Abdel is surprised (and delighted) to see such small children eat everything, adoring Roquefort and preferring “a well-made camembert that stinks, when I can’t myself,” he specifies. Their favorite dish is Thai-style chicken marinated in ginger and lemongrass, soy sauce and sesame seeds, before being oven-roasted with Indian rice. Of course they love couscous, when their father is ready, they see it, “they know they will have a good time”, he remarks amusedly.

Ramadan, Ukraine and always couscous

This year Abdel will again participate in the program La nuit du Ramadan, on France 2, in which he will prepare a chorba and pastry, among other things. “With these dishes I want to tell a shared gastronomy. A cuisine that does not matter whether the recipe comes from Algeria, Morocco or Tunisia. A kitchen that can be found on all tables of Ramadan in the evening and that brings everyone together. †

He himself is preparing to start fasting in April and tells what will delight his family in the evening. “The week will be quite light: mint tea, a good soup to start, a sellou, a kind of muesli made of honey, sesame seeds, peanuts, roasted flour. But also honey pastries from Marrakech and salads! †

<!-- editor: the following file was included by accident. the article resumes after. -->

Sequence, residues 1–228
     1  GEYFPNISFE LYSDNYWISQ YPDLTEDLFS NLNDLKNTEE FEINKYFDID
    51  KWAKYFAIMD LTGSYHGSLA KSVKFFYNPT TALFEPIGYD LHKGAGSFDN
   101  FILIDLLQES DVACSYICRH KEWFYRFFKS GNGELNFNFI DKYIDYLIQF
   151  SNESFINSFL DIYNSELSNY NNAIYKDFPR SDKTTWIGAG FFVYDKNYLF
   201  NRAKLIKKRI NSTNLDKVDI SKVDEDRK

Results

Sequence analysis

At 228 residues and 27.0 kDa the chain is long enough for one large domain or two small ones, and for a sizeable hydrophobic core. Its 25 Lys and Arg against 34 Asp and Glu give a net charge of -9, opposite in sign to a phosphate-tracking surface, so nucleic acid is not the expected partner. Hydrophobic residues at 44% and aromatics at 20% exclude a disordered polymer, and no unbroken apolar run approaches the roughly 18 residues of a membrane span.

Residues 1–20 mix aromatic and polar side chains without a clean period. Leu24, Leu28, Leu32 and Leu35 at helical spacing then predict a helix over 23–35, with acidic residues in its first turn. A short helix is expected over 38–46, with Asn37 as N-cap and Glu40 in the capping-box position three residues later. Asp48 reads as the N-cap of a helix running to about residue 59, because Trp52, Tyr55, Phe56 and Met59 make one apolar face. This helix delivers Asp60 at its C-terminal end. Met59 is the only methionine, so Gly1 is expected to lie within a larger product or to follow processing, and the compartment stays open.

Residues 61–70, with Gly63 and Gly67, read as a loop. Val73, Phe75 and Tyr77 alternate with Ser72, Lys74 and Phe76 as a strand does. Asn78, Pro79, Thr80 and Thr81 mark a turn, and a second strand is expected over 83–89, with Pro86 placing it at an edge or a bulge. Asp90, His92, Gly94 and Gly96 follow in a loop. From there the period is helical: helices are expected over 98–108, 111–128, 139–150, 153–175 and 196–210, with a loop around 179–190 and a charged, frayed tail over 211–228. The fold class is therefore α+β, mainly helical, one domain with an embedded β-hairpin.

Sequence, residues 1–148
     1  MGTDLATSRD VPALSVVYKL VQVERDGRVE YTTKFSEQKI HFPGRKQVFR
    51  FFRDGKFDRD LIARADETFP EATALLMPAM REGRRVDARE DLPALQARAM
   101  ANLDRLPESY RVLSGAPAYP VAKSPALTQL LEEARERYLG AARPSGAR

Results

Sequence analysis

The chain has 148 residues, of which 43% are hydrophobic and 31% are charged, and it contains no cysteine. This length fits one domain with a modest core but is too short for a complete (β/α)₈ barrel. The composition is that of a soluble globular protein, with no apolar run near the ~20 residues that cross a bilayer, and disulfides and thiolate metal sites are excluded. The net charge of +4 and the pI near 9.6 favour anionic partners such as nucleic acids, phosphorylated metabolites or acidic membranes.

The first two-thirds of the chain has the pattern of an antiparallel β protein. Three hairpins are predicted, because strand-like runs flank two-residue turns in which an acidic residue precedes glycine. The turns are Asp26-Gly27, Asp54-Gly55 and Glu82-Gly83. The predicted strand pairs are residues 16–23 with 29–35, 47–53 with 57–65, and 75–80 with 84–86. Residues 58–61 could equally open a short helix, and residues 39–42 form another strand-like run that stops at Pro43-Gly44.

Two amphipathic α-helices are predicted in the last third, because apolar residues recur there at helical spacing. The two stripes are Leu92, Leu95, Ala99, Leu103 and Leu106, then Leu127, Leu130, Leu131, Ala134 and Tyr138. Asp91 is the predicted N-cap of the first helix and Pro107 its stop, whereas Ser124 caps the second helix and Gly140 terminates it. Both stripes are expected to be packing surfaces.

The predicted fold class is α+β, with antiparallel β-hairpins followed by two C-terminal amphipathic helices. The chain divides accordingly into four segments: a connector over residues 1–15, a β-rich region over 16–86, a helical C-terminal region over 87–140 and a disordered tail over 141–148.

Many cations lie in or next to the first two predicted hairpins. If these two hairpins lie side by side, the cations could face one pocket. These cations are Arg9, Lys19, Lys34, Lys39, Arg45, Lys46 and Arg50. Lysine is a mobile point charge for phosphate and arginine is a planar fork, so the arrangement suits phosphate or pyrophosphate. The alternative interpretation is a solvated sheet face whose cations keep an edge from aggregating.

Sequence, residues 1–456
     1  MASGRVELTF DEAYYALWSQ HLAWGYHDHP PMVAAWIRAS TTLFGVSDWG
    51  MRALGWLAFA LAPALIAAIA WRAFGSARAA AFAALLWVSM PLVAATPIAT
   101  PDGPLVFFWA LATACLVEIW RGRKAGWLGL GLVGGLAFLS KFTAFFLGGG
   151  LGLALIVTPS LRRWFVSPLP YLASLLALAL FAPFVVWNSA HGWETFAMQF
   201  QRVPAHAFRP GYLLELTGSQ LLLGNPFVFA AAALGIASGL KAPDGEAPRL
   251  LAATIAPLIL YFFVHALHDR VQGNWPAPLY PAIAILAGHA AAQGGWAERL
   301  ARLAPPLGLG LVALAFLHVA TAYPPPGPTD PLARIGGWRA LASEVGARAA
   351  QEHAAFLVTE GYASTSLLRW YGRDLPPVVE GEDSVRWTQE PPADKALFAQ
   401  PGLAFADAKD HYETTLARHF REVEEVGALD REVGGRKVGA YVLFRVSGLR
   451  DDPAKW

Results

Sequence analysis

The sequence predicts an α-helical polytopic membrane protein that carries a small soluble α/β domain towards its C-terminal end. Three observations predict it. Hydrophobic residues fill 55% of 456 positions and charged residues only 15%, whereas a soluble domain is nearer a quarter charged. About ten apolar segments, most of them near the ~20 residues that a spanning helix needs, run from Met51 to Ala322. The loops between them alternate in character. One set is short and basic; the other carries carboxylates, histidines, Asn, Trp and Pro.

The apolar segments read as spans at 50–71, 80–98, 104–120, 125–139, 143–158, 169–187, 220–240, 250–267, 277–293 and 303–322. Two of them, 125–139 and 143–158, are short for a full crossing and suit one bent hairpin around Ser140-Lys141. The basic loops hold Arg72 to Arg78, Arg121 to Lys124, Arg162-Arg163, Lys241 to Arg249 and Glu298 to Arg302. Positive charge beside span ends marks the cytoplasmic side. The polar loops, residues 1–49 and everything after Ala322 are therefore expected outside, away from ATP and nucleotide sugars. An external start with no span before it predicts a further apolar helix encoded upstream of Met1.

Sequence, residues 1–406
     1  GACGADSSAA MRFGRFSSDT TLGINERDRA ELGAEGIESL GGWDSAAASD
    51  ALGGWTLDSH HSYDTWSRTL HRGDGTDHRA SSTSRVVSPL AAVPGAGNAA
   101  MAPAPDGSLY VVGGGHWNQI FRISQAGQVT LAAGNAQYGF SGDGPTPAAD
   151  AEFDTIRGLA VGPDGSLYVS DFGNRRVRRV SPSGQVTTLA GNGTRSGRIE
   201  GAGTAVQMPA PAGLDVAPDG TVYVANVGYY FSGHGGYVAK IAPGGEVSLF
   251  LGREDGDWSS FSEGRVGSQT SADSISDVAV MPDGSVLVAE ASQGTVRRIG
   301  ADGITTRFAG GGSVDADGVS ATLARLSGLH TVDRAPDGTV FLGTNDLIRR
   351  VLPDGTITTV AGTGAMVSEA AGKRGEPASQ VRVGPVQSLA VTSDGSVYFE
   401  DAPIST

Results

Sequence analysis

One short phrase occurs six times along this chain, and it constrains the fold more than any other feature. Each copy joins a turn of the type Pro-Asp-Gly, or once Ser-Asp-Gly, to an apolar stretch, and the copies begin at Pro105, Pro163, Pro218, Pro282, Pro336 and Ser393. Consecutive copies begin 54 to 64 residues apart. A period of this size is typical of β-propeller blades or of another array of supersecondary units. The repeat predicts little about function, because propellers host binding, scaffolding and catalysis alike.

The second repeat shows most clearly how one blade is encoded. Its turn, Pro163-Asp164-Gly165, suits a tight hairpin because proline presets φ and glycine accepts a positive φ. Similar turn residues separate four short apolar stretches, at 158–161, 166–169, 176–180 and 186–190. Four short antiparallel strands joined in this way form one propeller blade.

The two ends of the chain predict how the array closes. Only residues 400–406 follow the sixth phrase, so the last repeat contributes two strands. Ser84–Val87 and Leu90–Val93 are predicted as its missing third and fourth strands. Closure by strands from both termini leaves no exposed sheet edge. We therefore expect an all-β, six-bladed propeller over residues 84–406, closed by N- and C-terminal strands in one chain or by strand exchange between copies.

On weekends, his siblings meet, as tradition dictates: “It’s very important to us, it’s what we love, it’s unforgettable childhood memories and we want it to stay that way for our children,” he says. This time the meals will be more muscular, “more comfort food, fatter what! Fried meat and tuna cubes, donuts, tajines, couscous of course.

For this month of Ramadan, Abdel has another couscous project in the pipeline. He is preparing to leave for Warsaw to meet Ukrainian refugees, “with two tons of semolina and one ton of vegetables, aiming to cook 5,000 dishes on site,” he explains.

It is a good dish to bring a little comfort because it can be shared

With every conflict, Abdel tries to lend a hand, which often ends in a pat. He contacted Polish chefs with whom he maintained contacts from previous trips, they responded positively to this initiative. Couscous would be one of Poles’ favorite meals, he casually learned. It is a good dish to bring a little comfort because it can be shared. “Semolina has the advantage that it multiplies the weight by three during cooking, the vegetables contain a lot of vitamins, it is a warming meal. I love the image of couscous traveling in these moments,” he concludes.